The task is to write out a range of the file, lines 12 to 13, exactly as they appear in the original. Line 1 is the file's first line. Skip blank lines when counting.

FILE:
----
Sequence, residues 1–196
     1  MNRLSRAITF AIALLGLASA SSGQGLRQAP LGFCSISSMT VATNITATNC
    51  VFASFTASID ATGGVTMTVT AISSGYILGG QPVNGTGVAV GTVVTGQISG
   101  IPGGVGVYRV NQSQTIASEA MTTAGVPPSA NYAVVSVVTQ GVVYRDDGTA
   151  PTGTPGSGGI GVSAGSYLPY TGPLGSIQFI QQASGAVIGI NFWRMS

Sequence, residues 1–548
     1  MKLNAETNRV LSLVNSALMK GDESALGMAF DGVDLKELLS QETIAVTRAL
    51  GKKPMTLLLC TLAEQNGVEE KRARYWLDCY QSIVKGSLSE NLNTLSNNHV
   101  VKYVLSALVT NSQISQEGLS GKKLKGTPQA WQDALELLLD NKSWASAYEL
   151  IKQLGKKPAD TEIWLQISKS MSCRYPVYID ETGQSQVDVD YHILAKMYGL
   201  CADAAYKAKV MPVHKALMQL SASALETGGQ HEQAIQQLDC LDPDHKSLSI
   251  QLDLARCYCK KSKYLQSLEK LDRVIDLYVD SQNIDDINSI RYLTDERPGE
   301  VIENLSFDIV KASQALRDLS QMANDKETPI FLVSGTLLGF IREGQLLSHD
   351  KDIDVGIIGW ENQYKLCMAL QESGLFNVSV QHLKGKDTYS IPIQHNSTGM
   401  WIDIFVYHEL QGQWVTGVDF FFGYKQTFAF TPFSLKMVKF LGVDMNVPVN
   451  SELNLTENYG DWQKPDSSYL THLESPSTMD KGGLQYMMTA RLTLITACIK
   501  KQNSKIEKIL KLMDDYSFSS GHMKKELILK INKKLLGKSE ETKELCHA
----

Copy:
   251  QLDLARCYCK KSKYLQSLEK LDRVIDLYVD SQNIDDINSI RYLTDERPGE
   301  VIENLSFDIV KASQALRDLS QMANDKETPI FLVSGTLLGF IREGQLLSHD